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Hastings' Dictionary of the New Testament

Leaven

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LEAVEN.—The effect of leaven upon dough to which it is added is due to minute living organisms disseminated through it in great numbers. These organisms are one or more species of yeast-fungi. They are the most important agents of the alcoholic fermentation, which they produce in dough as well as in solutions of sugar. Whether lodged in sour dough (leaven) or collected free out of fermenting vats (compressed yeast), they cause the same effect when introduced into bread sponge. At the present time leaven is not so much used for the lightening of bread as yeast, because it is apt to impart to bread a sour taste and a disagreeable odour.

Yeast-fungi were first recognized (1680) by the Dutch naturalist Leuwenhöck in the scum floating on the surface of fermenting beer. With his imperfect lenses he was able to observe little of their structure beyond the fact that they were very small globules. They are now known to be single-celled plants, having for the most part an oval or ellipsoidal shape. The individual yeast-cell consists of a mass of protoplasm enclosed in a delicate wall of cellulose. The protoplasm, as in the case of all the fungi, contains no chlorophyll, and is, accordingly, dependent upon organic matter for its nourishment. It is granular, and usually shows one large non-contractile vacuole or several small vacuoles containing water. It has also a nucleus, which, however, can be brought into view only after special treatment. The size of the yeast-cell varies from 1.5 microns to 15 microns in diameter. (The micron equals 1/25000 inch). During the inactive stage the cells are isolated, but in an actively fermenting medium they occur in groups or families, organically united and consisting of from two to six or eight members in varying stages of development. When the members reach maturity, they separate from one another, each one having the capacity to produce a new group. This is the method by which the plant propagates itself. An isolated cell sends out a little pimple or bud on the surface. The bud is destined to become an independent cell of the same size as the cell which produced it; but, before it is mature, it may itself form a bud which in turn may form another bud of its own, the mother-cell in the meantime forming a second bud at a different point. A sort of chain of sprouts, usually curved, is formed as the result of this process of budding or gemmation. The successive buds round up and finally separate themselves as independent individuals. Pasteur, to whose elaborate investigations we are deeply indebted for our knowledge of the agents and the process of fermentation, found that two cells produced eight in two hours at a temperature of 13 degrees C. The multiplication is more rapid at a higher temperature.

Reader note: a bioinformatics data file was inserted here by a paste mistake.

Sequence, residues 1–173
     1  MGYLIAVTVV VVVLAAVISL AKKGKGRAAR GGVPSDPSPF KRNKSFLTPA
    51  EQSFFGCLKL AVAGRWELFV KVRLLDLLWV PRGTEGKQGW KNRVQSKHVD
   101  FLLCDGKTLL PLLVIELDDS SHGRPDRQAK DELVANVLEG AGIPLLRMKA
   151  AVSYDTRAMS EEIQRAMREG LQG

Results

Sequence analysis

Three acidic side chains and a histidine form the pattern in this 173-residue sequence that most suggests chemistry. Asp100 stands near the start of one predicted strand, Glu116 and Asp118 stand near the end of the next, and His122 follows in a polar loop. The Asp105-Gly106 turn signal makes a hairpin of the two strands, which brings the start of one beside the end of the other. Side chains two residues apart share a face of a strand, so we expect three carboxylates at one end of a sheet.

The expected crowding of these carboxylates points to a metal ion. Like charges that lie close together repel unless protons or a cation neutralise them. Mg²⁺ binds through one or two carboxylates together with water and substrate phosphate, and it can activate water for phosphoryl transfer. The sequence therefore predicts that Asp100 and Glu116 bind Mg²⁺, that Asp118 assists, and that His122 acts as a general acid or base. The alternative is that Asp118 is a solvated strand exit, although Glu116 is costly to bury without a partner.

Yeast-fungi secure their food for the most part from weak solutions of grape-sugar. They convert grape-sugar into alcohol and carbon dioxide. This conversion is known as the alcoholic fermentation. The same action takes place in moistened wheat-flour when yeast is mixed with it. The wheat grain contains a ferment, diastase, whose function is the conversion of the insoluble starch of the grain into soluble grape-sugar for the nourishment of the embryo when the grain germinates. Diastase is present, of course, in wheat-flour, and when the conditions of moisture and temperature are supplied, as in a gently heated bread sponge, it effects the same conversion as under natural conditions in the germinating grain. Some of the flour starch is changed into grape-sugar, in which the yeast-cells excite the alcoholic fermentation. The bubbles of the gas carbon dioxide produced in the fermentation are entangled in the glutinous sponge, and, expanded by heat, puff it up or lighten it. If, now, more flour is thoroughly mixed with this sponge so as to scatter the yeast-cells of the sponge throughout the mass, the whole will shortly be leavened by the gas which continues to be given off by the agency of the rapidly multiplying cells. A practically indefinite quantity of flour so treated can be leavened by ‘a little leaven.’

The week which began with the Passover is called ‘the days of unleavened bread’ (Matthew 26:17, Mark 14:1; Mark 14:12, Luke 22:1; Luke 22:7), from the practice enjoined in Exodus 23:15, Leviticus 23:6, Deuteronomy 16:3-4; Deuteronomy 16:8.

The effect of leaven in raising a mass of dough (see above) is the basis of our Lord’s parable of the Leaven (Matthew 13:33, Luke 13:20-21), which sets forth the gradual and pervasive influence of the Kingdom of God upon the whole of human society.

The fermentation produced by leaven was regarded as a species of putrefaction, and this, together with the tendency of leaven to spread, explains the figure in which ‘the leaven of the Pharisees and Sadducees’ stands for their corrupt teaching (Matthew 16:6; Matthew 16:11, Mark 8:15), or, as St. Luke puts it more specifically in the case of the Pharisees, their hypocrisy (Luke 12:1). ‘The leaven of Herod’ (Mark 8:15) similarly denotes the policy of the Herodian party.

Literature.—Trench, Dods, Bruce, Orelli on the Parables; Winterbotham, Kingdom of Heaven, 70; Drummond, Stones Rolled Away, 144; Scott-Holland, God’s City, 143; Macmillan, Two Worlds are Ours, 153; R. Flint, Christ’s Kingdom, 170.

W. L. Poteat and James Patrick.


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Bibliography Information
Hastings, James. Entry for 'Leaven'. Hastings' Dictionary of the New Testament. https://www.studylight.org/dictionaries/hdn/l/leaven.html. 1906-1918.

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